Value Chains versus Jobs-to-be-Done

Value Chains versus Jobs-to-be-Done

While reading Michael Porter’s bestseller Competitive Advantages (1985), in which he described the conditions with regards to Competitive Differentiation, I noticed some striking similarities with Clayton Christensen’s Jobs-to-be-Done theory (2016).

For instance: Christensen’s Job-to-be-Done appears to be what Porter referred to as the ‘Buyer’s Value Chain’. Like Christensen, Porter explains that in order to comprehend the actual customer’s needs, we need to understand what the customer aims to accomplish and what it needs to ‘do their job’. Christensen’s approach may lean towards value streams, regardless, the similarity is striking. Furthermore, the ‘functional, emotional, and social dimensions’ from Christensen’s Jobs-to-be-Done theory are ever so closely related to the ‘use criteria and signaling criteria’ mentioned by Porter in 1985.

While Porter’s bestseller might be almost 30 years old, his theory apparently still holds merit. The use of the word ‘value chain’, describing a series of activities that intend to create, deliver, and capture business value, however, might be a bit too abstract for some, while the concept of Jobs-to-be-Done apparently is easier to grasp.

My own theory, the Value Hub – in which the value creation process is at the core of a firm’s operation, tucked away in a black box and hidden from prying eyes – is simply another way of looking at the same stuff with fresh eyes as I wasn’t aware of the concept of ‘value chains’, or Porter’s work in general, before I came up with the Value Hub theory in 2012.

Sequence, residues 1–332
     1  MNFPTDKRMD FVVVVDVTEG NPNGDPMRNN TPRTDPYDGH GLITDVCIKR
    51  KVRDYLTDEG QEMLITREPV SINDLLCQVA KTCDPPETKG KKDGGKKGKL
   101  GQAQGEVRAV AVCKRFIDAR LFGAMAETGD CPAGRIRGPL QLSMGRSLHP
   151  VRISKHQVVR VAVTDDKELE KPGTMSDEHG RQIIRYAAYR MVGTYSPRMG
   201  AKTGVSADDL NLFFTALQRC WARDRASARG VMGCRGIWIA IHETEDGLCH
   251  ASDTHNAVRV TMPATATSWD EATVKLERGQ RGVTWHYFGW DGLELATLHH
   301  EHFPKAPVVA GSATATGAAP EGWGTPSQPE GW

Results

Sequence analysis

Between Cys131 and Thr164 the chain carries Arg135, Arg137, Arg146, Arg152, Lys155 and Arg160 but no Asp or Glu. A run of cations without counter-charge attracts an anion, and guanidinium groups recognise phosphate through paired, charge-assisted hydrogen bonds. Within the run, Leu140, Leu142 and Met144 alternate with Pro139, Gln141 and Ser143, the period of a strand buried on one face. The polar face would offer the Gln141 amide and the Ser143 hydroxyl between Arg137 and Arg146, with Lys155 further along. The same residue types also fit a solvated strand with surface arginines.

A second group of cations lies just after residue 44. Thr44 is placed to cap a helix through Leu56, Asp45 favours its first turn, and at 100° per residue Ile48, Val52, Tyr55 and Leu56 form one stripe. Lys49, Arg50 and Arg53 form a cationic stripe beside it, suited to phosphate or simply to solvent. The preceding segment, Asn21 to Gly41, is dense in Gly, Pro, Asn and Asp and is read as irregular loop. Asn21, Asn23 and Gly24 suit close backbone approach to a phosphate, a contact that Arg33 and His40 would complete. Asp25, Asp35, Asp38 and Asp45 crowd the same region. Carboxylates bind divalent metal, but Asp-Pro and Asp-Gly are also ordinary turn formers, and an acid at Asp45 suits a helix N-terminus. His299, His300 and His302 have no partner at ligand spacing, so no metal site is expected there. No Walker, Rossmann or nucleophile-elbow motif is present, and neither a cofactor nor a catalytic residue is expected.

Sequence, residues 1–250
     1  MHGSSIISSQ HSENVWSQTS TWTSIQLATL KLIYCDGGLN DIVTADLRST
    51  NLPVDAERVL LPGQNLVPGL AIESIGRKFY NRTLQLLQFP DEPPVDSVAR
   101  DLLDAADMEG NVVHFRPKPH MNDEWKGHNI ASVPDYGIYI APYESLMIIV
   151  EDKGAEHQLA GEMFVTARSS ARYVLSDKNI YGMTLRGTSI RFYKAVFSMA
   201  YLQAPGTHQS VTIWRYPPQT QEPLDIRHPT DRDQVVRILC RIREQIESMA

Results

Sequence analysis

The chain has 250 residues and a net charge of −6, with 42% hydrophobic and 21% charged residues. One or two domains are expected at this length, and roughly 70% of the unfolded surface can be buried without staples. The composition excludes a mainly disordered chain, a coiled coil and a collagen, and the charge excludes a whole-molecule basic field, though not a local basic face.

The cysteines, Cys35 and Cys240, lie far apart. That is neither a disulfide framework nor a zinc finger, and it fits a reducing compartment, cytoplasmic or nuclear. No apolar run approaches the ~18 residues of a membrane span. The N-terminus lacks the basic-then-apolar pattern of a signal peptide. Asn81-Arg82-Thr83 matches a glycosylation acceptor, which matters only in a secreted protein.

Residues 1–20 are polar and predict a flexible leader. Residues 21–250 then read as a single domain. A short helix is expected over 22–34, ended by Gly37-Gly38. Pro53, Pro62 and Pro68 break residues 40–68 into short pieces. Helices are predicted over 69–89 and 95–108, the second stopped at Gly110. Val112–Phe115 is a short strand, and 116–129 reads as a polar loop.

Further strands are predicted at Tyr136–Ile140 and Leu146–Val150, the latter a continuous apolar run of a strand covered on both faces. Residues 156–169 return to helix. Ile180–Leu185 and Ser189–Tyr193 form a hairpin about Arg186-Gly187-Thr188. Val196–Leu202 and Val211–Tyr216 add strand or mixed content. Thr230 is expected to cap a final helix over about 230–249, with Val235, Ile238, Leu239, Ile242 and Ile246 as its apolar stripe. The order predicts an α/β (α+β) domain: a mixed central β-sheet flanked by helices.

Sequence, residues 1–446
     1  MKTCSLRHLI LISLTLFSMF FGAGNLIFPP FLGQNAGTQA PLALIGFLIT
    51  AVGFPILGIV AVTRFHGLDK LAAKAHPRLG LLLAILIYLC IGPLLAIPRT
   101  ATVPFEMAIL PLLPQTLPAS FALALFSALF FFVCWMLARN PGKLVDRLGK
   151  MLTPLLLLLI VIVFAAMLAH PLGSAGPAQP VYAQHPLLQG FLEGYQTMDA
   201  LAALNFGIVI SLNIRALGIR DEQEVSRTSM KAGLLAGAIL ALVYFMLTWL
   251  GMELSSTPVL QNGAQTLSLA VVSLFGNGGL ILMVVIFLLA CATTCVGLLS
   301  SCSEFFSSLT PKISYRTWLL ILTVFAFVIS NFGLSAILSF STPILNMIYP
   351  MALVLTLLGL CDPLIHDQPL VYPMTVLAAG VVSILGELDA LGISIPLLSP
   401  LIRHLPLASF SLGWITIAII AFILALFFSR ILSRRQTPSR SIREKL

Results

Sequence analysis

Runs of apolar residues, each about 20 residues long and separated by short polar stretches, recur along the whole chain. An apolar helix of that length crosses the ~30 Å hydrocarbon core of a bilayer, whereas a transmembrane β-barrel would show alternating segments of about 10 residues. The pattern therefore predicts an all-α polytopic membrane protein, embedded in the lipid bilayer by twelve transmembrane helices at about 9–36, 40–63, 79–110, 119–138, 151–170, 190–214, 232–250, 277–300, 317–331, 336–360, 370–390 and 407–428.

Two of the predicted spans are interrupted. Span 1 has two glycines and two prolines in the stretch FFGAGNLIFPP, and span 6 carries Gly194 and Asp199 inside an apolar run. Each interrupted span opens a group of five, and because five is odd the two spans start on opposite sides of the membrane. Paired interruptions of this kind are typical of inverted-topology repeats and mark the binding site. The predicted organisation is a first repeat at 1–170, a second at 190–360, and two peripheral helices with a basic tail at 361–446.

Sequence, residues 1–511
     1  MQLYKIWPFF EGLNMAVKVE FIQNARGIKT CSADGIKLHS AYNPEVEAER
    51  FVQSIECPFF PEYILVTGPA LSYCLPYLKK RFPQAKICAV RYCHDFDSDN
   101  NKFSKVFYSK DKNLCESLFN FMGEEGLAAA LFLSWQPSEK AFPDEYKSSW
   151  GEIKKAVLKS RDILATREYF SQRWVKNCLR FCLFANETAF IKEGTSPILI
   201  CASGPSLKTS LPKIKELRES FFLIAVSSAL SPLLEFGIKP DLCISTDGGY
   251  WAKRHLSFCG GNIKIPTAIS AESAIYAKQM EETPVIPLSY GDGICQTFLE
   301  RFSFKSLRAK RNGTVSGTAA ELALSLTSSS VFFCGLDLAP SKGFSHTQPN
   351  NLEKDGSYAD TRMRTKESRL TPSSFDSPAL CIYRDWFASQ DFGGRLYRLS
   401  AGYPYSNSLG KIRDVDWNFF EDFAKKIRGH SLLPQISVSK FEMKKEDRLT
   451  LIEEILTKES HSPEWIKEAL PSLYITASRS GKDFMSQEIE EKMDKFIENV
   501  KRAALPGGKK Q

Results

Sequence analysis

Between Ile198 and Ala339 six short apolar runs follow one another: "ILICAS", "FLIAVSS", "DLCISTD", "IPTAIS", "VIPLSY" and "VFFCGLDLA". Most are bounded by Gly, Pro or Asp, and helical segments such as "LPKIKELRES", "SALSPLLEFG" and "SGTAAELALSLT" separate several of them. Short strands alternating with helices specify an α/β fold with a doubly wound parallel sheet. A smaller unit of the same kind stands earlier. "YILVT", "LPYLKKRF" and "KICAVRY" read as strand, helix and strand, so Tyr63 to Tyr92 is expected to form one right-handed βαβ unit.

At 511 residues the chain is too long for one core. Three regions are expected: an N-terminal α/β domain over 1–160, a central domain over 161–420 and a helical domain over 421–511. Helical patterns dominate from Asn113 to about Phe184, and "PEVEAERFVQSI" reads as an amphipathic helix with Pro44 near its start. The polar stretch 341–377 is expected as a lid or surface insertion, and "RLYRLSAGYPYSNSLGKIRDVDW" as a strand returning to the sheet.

Case study

Some 20 years ago I was heading a team to try and win a tender put out by Robeco, a Dutch asset management corporation. Our presentation was a routine, however, in between introductions, I sat down next to the selecting committee to observe our presentation through the customer’s eyes. I was shocked: our traditional approach was way too generic and therefore boring. I was sure we would no commence to the next round, but we were.

I knew we needed to do something radical if we were to win the tender. First, we had to know everything there was to know about Robeco. So, I asked our Sales Engineer to call them and find out more about how they operated: who was doing what? One week later we gave a follow-up presentation during which we played each role, divided over multiple PC’s, wearing various hats, passing on information from one role to the other. In fact, we proved beyond a doubt that our product would help increase dealer performance.

The dealers were indeed blown away. Regardless of the outcome, I will never forget the importance of considering the customer’s actual needs – taken from an analysis of the buyer’s value chain, as I would later learn how Porter described it – and take no customer case for granted.

There is so much more to be said about the Value Hub theory, f.i. about actual value versus perceived value or about actual needs versus perceived needs, however, you’ll have to register for the online courses to learn more about that.

Author

  • Edwin Korver

    Edwin Korver is a polymath celebrated for his mastery of systems thinking and integral philosophy, particularly in intricate business transformations. His company, CROSS-SILO, embodies his unwavering belief in the interdependence of stakeholders and the pivotal role of value creation in fostering growth, complemented by the power of storytelling to convey that value. Edwin pioneered the RoundMap®, an all-encompassing business framework. He envisions a future where business harmonizes profit with compassion, common sense, and EQuitability, a vision he explores further in his forthcoming book, "Leading from the Whole."

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